LG ‘flexible’ screen set to revolutionise TV viewing

An LG worker demonstrates the 'rollability' of an  18-inch screen. The flexibility is down to using a 'high molecular substance-based polyimide film' instead of plastic. Pictures: AP

A flexible TV unveiled by LG could pave the way for a revolution in the way we watch and use screens — rolling them up and taking them with us in and out of the home.

The South Korean manufacturer has revealed two new screens, one of which is so flexible it can be completely rolled up and moved without affecting the picture when used again. Experts say this could completely change the way that we use and interact with the various screens, including smartphones.

Will Findlater, editor-in-chief of gadget magazine Stuff, said: “The idea of a roll-up TV may sound like a solution to a problem no one has, but if you consider that the trend is for ever-larger TVs, being able to roll yours up when you’ve finished watching will mean it has less of an impact on your room. The portable big-screen TV could be a fixture of the future home.”

LG is confident it will be able to produce a 60-inch Ultra HD rollable screen by 2017. The flexibility is down to using a “high molecular substance-based polyimide film” instead of plastic.

“Flexible screens are also more durable than unyielding ones, which will appeal to anyone who has ever dropped a smartphone or tablet,” said Mr Findlater.

The second screen unveiled by the company is transparent.

Stuart Miles, chief executive and founder of tech website Pocket-lint, believes that the new technology could lead to a change in the way we consume media from the world around us, with screens in new places that weren’t possible before.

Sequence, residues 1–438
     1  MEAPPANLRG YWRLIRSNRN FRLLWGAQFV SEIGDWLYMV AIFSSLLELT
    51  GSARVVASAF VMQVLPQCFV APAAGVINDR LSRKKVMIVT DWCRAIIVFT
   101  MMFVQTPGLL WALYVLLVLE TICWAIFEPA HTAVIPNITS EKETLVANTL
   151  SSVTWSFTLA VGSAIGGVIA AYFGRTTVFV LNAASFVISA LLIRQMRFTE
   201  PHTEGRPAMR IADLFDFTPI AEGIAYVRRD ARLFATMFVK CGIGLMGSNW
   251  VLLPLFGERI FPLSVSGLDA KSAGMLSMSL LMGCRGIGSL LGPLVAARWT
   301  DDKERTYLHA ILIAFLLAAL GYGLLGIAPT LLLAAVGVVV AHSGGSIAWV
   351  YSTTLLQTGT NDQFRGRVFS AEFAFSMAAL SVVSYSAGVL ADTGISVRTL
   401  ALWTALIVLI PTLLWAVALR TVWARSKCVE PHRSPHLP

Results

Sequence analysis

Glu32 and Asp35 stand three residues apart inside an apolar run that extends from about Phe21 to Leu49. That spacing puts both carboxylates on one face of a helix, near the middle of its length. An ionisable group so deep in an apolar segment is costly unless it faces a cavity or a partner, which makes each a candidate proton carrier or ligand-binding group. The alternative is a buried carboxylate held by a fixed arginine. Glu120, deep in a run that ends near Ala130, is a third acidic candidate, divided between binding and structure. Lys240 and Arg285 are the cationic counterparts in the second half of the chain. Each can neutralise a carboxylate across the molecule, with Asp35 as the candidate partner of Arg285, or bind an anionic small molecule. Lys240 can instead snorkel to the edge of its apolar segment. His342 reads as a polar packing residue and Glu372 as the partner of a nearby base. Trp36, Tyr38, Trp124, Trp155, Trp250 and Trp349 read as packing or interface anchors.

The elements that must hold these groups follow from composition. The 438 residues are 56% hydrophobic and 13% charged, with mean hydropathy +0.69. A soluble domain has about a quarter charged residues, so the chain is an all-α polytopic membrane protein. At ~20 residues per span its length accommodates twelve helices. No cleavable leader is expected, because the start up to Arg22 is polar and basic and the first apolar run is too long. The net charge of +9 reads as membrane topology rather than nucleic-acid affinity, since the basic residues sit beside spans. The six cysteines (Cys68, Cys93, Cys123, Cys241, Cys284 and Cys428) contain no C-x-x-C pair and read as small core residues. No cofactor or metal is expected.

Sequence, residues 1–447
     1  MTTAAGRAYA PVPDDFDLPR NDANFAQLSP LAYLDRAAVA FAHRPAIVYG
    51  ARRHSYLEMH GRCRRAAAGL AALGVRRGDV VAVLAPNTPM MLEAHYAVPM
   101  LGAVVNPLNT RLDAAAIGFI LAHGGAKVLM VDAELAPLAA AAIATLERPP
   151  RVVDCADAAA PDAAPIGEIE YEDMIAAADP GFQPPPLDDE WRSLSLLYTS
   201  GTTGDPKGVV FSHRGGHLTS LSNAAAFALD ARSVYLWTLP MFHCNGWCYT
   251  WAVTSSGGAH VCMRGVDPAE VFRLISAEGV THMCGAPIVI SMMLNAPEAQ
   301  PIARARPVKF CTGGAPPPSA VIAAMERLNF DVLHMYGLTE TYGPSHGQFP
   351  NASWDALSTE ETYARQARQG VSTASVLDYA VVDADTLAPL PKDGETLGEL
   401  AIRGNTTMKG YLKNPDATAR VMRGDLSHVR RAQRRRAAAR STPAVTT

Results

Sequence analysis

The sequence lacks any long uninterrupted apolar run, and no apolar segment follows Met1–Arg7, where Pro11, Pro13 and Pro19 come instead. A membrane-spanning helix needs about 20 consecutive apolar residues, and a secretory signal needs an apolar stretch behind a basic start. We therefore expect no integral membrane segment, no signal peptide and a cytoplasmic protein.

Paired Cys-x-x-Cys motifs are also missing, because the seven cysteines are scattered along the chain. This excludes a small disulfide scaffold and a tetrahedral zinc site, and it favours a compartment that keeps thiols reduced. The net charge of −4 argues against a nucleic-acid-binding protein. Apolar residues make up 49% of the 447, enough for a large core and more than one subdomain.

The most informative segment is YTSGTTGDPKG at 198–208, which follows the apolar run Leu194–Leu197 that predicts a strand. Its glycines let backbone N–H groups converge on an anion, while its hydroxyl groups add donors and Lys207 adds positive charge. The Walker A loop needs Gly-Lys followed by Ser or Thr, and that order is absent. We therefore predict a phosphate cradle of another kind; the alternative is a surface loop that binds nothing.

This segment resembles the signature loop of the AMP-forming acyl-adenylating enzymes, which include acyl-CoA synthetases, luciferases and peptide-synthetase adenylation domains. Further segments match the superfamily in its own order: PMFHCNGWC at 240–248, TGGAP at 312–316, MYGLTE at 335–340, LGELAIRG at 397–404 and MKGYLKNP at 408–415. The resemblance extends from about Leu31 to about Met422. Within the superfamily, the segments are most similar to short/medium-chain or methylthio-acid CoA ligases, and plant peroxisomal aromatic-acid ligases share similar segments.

“Advancements in flexible screen technology aren’t just so we can have curved screens in our living room, but screens pretty much anywhere wrapped around things.”

Curved screens have already started to appear, with Samsung launching a curved LED TV earlier this year. One of its smartwatches, the Gear Fit, already comes with a curved display.


Angela’s Ashes: The Musical at Cork Opera House brings some belly-laughs to Frank McCourt's tale, writes Marjorie Brennan.Perfect blend of belly laughs and emotion at Angela's Ashes: The Musical

In Currabinny, there is a large house right at the cliff’s edge, overlooking the whole of Cork Harbour.The Currabinny chefs cook with pears

It’s normal for children to occasionally worry but anxiety in a young person can develop into a crippling daily occurrence if it is not properly managed, writes Karen Murray.'Anxiety is a normal part of life': Understanding is key to helping children manage anxiety

This season textiles trend large, full of colour and exotic pattern, and applied in new ways to make a personal design statement from the living room to the bedroom, writes Carol O’CallaghanTextile trends that can help you make a personal design statement

More From The Irish Examiner